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How Divorce Impacts Estate Plans

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Divorce is not just a significant emotional journey but also a complex legal process that impacts various aspects of life, including estate planning.

As you navigate through the dissolution of a marriage, it's crucial to understand how this change affects your estate plan and what steps you need to take to ensure that your assets are distributed according to your wishes after the divorce.

1. Revisiting Your Will

Your will is one of the first documents you should review after a divorce. Most married individuals have their spouse as the primary beneficiary and executor in their will. Post-divorce, these designations should be revisited.

If you do not update your will, there’s a risk that your ex-spouse could still inherit your assets or be responsible for administering your estate if you pass away before making necessary changes.

2. Changing Beneficiaries

Like updating your will, you should also review and alter the beneficiary designations on your life insurance policies, retirement accounts, and other financial instruments. Under federal law, divorce does not automatically revoke the designation of a spouse as a beneficiary on non-probate assets such as 401(k) plans and life insurance policies.

Therefore, unless these beneficiary designations are updated, your ex-spouse might still stand to benefit.

3. Powers of Attorney and Healthcare Directives

Updating your estate plan post-divorce involves several key documents, particularly those granting authority to decide on your behalf if you become incapacitated. Here's what you need to consider:

  • Durable Power of Attorney
  • Healthcare Proxy
  • Review and Re-appoint
  • Legal Consultation

By revisiting and updating these critical documents, you can safeguard your future decision-making and ensure that your health and finances are managed by someone who respects your wishes and best interests.

4. Trusts and Divorce

If you have established any trusts, you should review and modify them as necessary. This is particularly important if the trust was designed to benefit your spouse, as is often the case with marital trusts.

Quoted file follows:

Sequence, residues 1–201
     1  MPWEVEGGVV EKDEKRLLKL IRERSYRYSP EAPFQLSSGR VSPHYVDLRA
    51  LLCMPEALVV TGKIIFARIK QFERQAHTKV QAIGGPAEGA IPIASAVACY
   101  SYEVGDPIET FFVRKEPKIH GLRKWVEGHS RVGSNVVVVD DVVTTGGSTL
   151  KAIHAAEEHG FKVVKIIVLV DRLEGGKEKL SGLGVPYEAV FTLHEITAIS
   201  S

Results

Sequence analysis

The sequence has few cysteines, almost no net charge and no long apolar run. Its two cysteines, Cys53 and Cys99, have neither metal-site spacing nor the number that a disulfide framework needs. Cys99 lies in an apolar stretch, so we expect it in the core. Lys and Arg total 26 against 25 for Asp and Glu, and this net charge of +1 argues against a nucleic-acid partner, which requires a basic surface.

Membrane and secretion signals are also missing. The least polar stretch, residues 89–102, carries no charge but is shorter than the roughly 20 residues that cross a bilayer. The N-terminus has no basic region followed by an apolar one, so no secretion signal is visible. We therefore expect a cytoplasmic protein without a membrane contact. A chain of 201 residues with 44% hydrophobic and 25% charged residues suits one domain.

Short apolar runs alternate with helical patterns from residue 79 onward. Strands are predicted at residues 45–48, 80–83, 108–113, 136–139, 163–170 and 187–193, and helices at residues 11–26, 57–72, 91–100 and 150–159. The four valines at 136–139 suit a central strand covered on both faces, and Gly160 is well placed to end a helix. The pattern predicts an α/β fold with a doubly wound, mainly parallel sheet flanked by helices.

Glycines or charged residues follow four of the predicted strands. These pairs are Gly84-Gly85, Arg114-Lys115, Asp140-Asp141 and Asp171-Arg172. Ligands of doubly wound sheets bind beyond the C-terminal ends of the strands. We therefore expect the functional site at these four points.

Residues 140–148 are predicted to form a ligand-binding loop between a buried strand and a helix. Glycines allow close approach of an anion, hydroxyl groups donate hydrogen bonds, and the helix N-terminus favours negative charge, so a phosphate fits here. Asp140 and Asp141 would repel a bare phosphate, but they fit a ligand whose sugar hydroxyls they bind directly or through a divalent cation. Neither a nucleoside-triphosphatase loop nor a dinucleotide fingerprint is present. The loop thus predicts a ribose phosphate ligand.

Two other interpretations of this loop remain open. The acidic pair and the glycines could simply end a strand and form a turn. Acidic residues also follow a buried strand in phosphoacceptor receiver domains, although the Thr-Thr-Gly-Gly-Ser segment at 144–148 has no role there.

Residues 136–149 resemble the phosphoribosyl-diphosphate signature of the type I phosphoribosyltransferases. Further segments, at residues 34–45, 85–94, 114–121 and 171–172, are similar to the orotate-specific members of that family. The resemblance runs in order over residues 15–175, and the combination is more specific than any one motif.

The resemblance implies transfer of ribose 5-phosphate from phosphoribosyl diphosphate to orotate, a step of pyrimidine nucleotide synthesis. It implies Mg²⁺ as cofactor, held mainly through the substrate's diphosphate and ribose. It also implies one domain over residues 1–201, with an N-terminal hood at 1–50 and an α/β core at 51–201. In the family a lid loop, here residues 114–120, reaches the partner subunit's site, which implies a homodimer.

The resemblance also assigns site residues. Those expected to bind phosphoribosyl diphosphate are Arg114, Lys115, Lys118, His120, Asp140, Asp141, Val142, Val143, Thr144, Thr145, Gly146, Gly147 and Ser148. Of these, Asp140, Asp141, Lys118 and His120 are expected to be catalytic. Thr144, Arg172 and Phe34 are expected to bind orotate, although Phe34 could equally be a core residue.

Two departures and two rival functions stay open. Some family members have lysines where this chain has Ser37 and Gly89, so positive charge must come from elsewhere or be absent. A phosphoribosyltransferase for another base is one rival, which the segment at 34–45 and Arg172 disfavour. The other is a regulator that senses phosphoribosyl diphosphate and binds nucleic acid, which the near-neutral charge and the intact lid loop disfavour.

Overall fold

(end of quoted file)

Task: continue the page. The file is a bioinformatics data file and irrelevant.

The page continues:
Amendments might be required to remove your ex-spouse as a beneficiary or trustee. Failing to make these changes can result in parts of your estate unintentionally passing to your ex-spouse.

5. Guardianship Considerations

For those with minor children, divorce can also impact decisions about guardianship. Although legal custody and guardianship are typically addressed during the divorce proceedings, ensuring that your estate plan reflects any changes is vital.

You may need to update your will to specify who should be responsible for your children's care should something happen to you.

6. Understanding Your State’s Laws

Estate planning and divorce laws vary significantly from state to state. In some states, a divorce automatically nullifies any existing will that benefits a spouse, while in others, the divorce has no immediate effect on the will.

Knowing the specific laws in your state can help you better navigate the necessary updates to your estate plan.

Need Legal Advice? Contact Us Today!

Navigating a divorce? Ensure your estate plan reflects your current wishes. Review and update your will, beneficiaries, and key documents now. Protect your assets and loved ones' future by consulting a legal professional.

Call Diggs & Sadler today at (713) 766-5355 to learn more!

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